Corruption and official complicity in trafficking crimes remained significant concerns and continued to inhibit law enforcement action. In a change from previous reporting periods, the government reported two investigations into officials allegedly complicit in human trafficking-related offenses, both of which were ongoing at the close of the reporting period. In one case, a senior Ministry of Home Affairs official, responsible for the anti-trafficking portfolio, allegedly assisted third-country nationals from South Asia with illegal entry into South Africa via Lesotho by removing all records of their entry into Lesotho. This allowed the travelers to circumvent South African entrance requirements. The government investigated the case as a trafficking offense but was unable to establish elements of human trafficking that would allow for prosecution for human trafficking. Police placed the official on administrative leave pending the outcome of the investigation. The government did not make efforts to address other, repeated allegations of complicity. The government was aware of alleged trafficking of Basotho women to South Africa for commercial sex. For the third consecutive year, the government’s efforts to form a liaison relationship with South African officials to investigate these allegations and to target those allegedly involved in these schemes did not yield tangible results. In the previous reporting period, officials deported a Nigerian labor trafficking victim; for the second consecutive year, the government did not take any action against his alleged trafficker, whose identity was known and who operated his business in Maseru with impunity. There were continued allegations of complicity in trafficking among law enforcement officers at the Maseru Bridge border crossing.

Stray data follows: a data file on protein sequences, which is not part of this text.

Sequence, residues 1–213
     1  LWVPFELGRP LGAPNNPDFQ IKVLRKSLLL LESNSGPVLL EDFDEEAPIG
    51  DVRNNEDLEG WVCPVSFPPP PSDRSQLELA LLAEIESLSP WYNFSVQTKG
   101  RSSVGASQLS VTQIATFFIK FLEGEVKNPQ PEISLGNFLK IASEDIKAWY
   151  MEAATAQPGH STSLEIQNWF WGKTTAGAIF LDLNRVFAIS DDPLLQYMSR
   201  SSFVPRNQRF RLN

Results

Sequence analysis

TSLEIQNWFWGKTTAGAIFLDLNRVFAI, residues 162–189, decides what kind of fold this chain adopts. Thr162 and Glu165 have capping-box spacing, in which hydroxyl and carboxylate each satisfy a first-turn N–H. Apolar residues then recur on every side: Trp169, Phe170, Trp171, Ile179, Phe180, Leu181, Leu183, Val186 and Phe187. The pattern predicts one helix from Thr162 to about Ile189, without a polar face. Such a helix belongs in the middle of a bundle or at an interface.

The Lesotho Mounted Police Service’s (LMPS) Child and Gender Protection Unit (CGPU) led anti-trafficking law enforcement efforts until October 2020, when the government established the Trafficking in Persons and Migrant Control Unit within the LMPS, which assumed responsibility for all trafficking-related investigations. The trafficking and smuggling unit had dedicated investigators and received some administrative support. Like the CGPU, however, it lacked a dedicated budget, and members did not receive training on trafficking in 2020. The government did not have trafficking-specific courts, although three magistrate judges had special training to hear human trafficking cases. Many front-line officials incorrectly believed trafficking to be a movement-based crime and did not screen for trafficking among vulnerable groups, including migrant workers. In addition, many conflated gender-based violence and trafficking, and some police officers exhibited extreme insensitivity towards child victims of sexual abuse, including potential trafficking victims. Observers noted that reporting potential trafficking cases to the police made child victims more vulnerable to exploitation.